S&S Authors Share Star Trek Memories

June 06, 2017

With the 50th anniversary year beginning to wind-down, we thought it might be kind of fun to ask some of our authors here at Simon & Schuster if they had any brief Star Trek memories they'd care to share with our followers. We expected a few passing responses here and there that would simply acknowledged the series or, at most, critique the latest films. What we did not expect was an outpouring of nostalgic, heart-warming submissions from authors portraying Star Trek as a childhood infatuation. Here's one from Frederic S. Durbin.

 

1. How I Discovered Star Trek to Be an International Language: When I lived in Shirone, Japan, I decided to dress up as Mr. Spock for a Hallowe'en party at our church. I actually gave myself a Spock haircut, used makeup to create the right kind of eyebrows, developed prosthetic ears--the whole nine yards--or light-years. The apartment complex where I lived was largely occupied by Brazilians who had come to work in the nearby candy factory. On the evening of the party, there was a Brazilian party going on in the courtyard between all our apartments. To get to the church, I would have to walk right through the gathering, and I wondered how to explain to my neighbors why I was dressed like that. I didn't speak Portuguese, I didn't think any of my neighbors could speak English, and I wasn't sure if they spoke Japanese. So I made my way trepidatiously down my outside stairs, carrying my jack-o'-lanterns, determined at least that I would say the word "fiesta," although I knew that was Spanish--wrong language. I needn't have worried. The moment they saw me, my neighbors all grinned and greeted me with friendly cries of "Hey! Mr. Spock! All right! Hallowe'en!" and gave me lots of thumbs-up. I invited them to the party. Star Trek spans the world and brings people together across language barriers!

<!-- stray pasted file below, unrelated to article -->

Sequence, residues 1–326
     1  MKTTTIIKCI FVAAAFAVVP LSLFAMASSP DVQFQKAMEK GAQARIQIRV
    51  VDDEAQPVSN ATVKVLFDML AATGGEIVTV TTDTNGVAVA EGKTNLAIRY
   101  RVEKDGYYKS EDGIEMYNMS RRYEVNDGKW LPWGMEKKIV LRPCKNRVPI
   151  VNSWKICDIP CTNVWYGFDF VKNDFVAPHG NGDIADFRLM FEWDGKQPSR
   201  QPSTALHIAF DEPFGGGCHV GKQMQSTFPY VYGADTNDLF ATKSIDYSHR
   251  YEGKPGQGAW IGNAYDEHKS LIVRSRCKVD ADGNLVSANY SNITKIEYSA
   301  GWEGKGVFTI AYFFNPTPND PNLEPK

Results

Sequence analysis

2. I have wonderful memories of the reruns of Star Trek: The Next Generation during summers in the mid-nineties, when I was home from Japan, visiting my parents. Dad and I would sit in his TV room, watching the episodes, which aired nearly every night. Mom would sit in the next room, quilting, but listening to everything. She knew all the characters and situations, but she experienced Star Trek much as people used to experience a radio show, by sound only, her imagination filling in the rest. When I would show her pictures of the cast, she would say, "That's what s/he looks like? Huh!"

Frederic S. Durbin is the author of A Green and Ancient Light